Last summer, I was impressed by the speed of the Norwegian hurtigbåt M/S Fjordprinsessa, operating near Tromsø, travelling so fast that travellers are not allowed on-deck and are recommended to remain seated and fasten their seatbelts. I don't recall the actual speed, but another of their boats does Tromsø – Harstad in 2h40m, a distance of around 160 km, meaning an average speed of 60 km/hour including one stop. Googling told me that the Fjord Cat on Kristiansand–Hirtshals does 45 knots or 83 km/hour, while the Shinas in Oman does 51 knots (94 km/hour), but I think those are maximum speeds and not average speeds. The Oman article claims "the world's fastest diesel-powered passenger ferry", but "fastest" can have several definitions, which leads me to my question:

What is the world's fastest point-to-point scheduled ferry route? By fastest in this context, I mean the distance divided by the time according to the timetable, similar to this Wikipedia table for trains.

  • There's several places around the world with hydrofoil ferries. There's a pair between Fukuoka Japan and Busan Korea. And a couple were used for the Batumi Georgia ↔ Sochi Russia route though I think they're not running right now due to Russia. I'm hunting for speed info ... Commented Oct 8, 2012 at 3:33
  • 1
    Passenger Hydrofoil list might be helpful here. Apparently there aren't that many types of these in operation.
    – vartec
    Commented Oct 8, 2012 at 8:54

7 Answers 7


In Oman, between Muscat and the exclave Musandam, operate the Shinas and the Hormuz.

As reported by The Week, the Shinas has a top speed of 96 km/hour, whereas the Hormuz has a top speed of 104 km/hour:

It’s not a speedboat and it’s definitely not an F1 superboat. Call it the bullet ferry or a super catamaran if you will, but whichever way you look at it, the Shinas is probably as fast as it gets on water in a passenger ferry anywhere in the world.


Hovertravel operates hovercraft from Southsea, Portsmouth to Ryde, Isle of Wight. One of the types of hovercraft they are using is BHC AP1-88, which has 50 knots (93km/h) top speed.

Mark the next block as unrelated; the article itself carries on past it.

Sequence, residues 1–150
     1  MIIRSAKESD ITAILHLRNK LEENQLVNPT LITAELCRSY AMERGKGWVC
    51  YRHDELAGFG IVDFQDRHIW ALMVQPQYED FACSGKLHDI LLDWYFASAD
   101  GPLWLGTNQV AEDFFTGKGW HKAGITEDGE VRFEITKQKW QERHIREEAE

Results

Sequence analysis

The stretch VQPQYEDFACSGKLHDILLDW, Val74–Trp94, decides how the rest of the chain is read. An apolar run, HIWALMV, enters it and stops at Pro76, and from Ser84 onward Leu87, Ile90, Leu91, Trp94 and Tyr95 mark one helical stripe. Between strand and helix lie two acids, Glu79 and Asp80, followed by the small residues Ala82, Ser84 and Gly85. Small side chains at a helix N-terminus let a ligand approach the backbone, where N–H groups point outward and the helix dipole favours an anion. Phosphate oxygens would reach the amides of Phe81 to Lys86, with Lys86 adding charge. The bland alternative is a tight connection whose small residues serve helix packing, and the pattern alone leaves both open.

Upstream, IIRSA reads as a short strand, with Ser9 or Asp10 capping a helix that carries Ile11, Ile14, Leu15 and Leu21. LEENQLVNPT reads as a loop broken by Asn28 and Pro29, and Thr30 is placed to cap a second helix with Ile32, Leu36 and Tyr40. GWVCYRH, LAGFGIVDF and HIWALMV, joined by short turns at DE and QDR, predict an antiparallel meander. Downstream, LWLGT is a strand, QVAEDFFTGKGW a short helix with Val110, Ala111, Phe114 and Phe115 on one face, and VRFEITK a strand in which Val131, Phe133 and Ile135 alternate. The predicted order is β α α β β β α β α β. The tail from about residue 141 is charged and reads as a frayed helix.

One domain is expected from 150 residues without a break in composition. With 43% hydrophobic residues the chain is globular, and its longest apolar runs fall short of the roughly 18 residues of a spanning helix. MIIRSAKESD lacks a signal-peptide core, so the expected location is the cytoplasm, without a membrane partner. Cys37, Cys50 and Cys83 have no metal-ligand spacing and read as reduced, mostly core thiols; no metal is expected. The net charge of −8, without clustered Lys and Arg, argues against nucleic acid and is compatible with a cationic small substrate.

I remember that back in the day, some high speed boats were used to go from France to Corsica. I could find some archives about these boats{french} (now they are too expensive to run because of oil prices).

So it says that Nice-Calvi took 2h45 at a speed of 37 knots (70 km/h). Using Google Maps, the distance of current route is 208 km (which would mean the speed is 75km/h). So I suppose it means that the route is probably now longer but yeah, the average speed was at least 70km/h at that time.


The high-speed ferry operated by Buquebus travels between Buenos Aires, Argentina and Montevideo, Uruguay. It achieves a high speed of 58 knots (107 km/h) and a travel speed of 51 knots (95 km/h). https://www.ship-technology.com/projects/francisco-high-speed-ferry/

  • Around the world of ferries, this one is still known to be the fastest, however, I doubt it goes full speed often.
    – Jochem
    Commented Apr 18, 2023 at 12:40

Most answers here cite top speed, which isn't really what the OP has asked. So rewriting this we get

  1. The HSC Franciso between Montevideo and Buenos Aires has a scheduled trip time of 2h 15m and the distance is 203 km, which makes for an average speed of 90.2 km/h.

I coudn't find a time table for the Hormus, assuming that either it's not running anymore or is suspended due to Covid.


The Ekranoplan is probably the fastest ferry, managing well over 400 knots. http://www.travelcentre.com.au/travel/airshows/Russian/russia_ekranoplan.htm

I am not sure whether they have them as scheduled ferry trips any more or whether they are charter trips, but what a stupendous craft!

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    The one you mention was military craft (now defunct). Regarding ferries: "Other larger designs as ferries and heavy transports have been proposed, but have not been carried to fruition." (see: Wikipedia)
    – vartec
    Commented Oct 9, 2012 at 15:39
  • The smaller designs are the ones I was thinking of, although I would love to see the Caspian Sea Monster at full speed!
    – Rory Alsop
    Commented Oct 9, 2012 at 16:06

The HSC Fransico (a catamaran ferry) has a top speed of 58 knots (107 kmh), however I don't know if she does that in regular service. https://en.wikipedia.org/wiki/Incat#Products

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